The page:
127 F.2d 160 (D.C. Cir. 1942), 7874, Hiscox v. Jackson

Docket Nº7874.
Citation127 F.2d 160
Case DateMarch 16, 1942
CourtUnited States Courts of Appeals, Court of Appeals for the District of Columbia Circuit

Page 160

127 F.2d 160 (D.C. Cir. 1942)




No. 7874.

United States Court of Appeals, District of Columbia.

March 16, 1942

Mr. Douglas A. Clark, with whom Mr. Norman E. Sill, both of Washington, D.C., was on the brief, for appellant.

Mr. Leon M. Shinberg, with whom Messrs. M. Phillip Katz and Philip Shinberg, all of Washington, D.C., were on the brief, for appellee.

Before STEPHENS, VINSON, and RUTLEDGE, Associate Justices.

VINSON, Associate Justice.

Plaintiff (appellant) brought this action in the Municipal Court for personal injuries and property damage growing out of an automobile accident. The defendant (appellee) admits the ownership of the automobile involved, a taxicab. At the close of all the evidence, the court, after motion, directed a verdict for defendant upon the grounds that (1) defendant's corroborated testimony, that the cab was being operated without his consent, was uncontradicted and that (2) plaintiff's evidence identifying defendant as the operator of the cab at the time of the accident was insufficient.

The Financial Responsibility Act for the District provides:

'Whenever any motor vehicle, * * * shall be operated * * * by an person other than the owner, with the consent of the owner, express or implied, the operator thereof shall, in case of accident, be deemed to be the agent of the owner of such motor vehicle, and the proof of the ownership of said motor vehicle shall be

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prima facie evidence that such person operated said motor vehicle with the consent of the owner. ' 1

Under this Act, with proof that a defendant owned the automobile involved and with no evidence on behalf of the defendant, a plaintiff who has otherwise established liability is entitled to a directed verdict. Instead, in this case, there has been a directed verdict for defendant. To pass from a directed verdict for plaintiff, through the area of jury questions, to a directed verdict for defendant, requires very strong, compelling evidence on behalf of defendant. It requires evidence which destroys all inferences and presumptions supporting plaintiff and which raises no doubts against defendant. Here, we believe that defendant's case is not so strong and plaintiff's so weak as to make a directed verdict for defendant proper.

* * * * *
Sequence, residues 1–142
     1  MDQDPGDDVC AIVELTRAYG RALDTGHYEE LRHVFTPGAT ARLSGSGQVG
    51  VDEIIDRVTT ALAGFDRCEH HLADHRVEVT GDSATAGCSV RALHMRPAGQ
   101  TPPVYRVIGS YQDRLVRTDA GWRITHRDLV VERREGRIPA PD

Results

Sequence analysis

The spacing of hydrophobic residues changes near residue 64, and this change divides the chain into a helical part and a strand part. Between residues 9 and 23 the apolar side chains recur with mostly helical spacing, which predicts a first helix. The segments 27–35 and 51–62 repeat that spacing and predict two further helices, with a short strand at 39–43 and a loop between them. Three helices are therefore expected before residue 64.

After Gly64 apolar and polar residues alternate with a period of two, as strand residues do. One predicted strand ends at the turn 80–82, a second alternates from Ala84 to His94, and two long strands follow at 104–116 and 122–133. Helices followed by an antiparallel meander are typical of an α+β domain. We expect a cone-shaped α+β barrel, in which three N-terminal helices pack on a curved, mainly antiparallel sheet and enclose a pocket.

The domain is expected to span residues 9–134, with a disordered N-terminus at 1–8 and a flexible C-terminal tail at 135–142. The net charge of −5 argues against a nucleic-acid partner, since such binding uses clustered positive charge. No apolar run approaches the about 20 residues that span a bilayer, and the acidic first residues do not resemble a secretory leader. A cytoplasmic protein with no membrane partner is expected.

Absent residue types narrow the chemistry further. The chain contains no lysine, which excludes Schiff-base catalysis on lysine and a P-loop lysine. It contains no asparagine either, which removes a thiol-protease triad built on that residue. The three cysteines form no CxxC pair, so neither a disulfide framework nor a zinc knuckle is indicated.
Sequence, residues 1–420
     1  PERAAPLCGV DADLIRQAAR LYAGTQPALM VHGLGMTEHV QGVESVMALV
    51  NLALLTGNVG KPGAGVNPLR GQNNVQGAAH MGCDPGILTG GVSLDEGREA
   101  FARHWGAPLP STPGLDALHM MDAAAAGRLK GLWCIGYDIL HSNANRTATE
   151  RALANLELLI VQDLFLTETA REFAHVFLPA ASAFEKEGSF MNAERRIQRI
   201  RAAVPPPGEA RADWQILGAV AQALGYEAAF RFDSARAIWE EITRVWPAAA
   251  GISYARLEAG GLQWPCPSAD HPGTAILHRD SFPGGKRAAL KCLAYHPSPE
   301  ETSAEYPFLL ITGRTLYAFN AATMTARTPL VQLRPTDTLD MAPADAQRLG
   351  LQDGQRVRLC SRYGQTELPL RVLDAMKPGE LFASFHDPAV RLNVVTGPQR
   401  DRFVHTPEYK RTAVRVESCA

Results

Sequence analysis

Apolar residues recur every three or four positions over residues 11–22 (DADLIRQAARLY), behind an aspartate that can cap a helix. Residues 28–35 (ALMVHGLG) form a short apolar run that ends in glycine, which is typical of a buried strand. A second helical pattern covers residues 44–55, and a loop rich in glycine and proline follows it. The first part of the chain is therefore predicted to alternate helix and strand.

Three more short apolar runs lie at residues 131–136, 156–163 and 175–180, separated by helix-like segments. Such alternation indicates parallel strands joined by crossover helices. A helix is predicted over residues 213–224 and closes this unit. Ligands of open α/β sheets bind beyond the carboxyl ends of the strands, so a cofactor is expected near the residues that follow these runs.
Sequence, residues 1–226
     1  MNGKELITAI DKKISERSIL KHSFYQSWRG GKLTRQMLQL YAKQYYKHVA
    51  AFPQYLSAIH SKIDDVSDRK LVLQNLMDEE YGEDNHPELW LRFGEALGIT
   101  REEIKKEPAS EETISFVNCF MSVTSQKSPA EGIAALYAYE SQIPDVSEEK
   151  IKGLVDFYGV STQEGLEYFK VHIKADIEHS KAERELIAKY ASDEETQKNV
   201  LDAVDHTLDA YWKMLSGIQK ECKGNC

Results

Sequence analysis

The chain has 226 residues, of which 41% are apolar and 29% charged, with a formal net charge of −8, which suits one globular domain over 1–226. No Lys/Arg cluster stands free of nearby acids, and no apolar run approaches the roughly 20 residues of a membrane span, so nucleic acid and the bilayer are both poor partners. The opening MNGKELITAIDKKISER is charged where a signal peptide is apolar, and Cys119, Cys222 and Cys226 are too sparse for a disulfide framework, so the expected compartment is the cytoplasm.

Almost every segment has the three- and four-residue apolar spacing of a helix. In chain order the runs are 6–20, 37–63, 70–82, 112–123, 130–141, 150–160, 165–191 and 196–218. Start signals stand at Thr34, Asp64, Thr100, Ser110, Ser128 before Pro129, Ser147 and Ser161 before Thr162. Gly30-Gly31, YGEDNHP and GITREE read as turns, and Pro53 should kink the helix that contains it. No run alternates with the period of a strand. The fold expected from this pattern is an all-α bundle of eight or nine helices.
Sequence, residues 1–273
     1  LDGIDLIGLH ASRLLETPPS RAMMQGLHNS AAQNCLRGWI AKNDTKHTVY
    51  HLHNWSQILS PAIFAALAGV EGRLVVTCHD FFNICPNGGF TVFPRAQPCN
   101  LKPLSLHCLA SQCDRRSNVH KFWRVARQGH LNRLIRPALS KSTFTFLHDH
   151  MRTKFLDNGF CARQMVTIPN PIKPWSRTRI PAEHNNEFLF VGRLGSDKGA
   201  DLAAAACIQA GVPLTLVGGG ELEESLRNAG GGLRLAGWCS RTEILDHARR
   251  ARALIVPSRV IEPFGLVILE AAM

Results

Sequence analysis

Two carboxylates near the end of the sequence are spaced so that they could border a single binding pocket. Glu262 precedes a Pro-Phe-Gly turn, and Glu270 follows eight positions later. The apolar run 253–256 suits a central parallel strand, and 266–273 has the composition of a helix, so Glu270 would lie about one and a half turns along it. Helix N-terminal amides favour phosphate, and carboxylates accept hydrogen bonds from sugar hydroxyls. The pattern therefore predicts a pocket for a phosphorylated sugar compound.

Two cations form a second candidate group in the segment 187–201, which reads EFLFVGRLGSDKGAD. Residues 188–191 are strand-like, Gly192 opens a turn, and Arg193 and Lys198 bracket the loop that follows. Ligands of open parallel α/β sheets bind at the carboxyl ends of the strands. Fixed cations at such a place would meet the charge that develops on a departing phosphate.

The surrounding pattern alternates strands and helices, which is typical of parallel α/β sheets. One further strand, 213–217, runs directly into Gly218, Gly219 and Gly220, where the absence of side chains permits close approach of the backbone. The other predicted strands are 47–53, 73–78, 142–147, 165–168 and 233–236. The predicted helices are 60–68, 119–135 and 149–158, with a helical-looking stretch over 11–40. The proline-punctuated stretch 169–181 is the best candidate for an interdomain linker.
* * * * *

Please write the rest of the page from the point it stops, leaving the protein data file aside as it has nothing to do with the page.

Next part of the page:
In Rosenberg v. Murray 2 this court said that the statutory 'presumption continues until there is credible evidence to the contrary, and ceases when there is uncontradicted proof that the automobile was not at the time being used with the owner's permission. ' 3 The dissent, apparently, had no serious quarrel with this statement of law in the abstract, but stated that the effect of the holding was to make the jury accept defendant's denial, whereas the denial was, on the facts, open to question by some reasonable men. The Municipal Court, in the instant case, concluded that defendant's...

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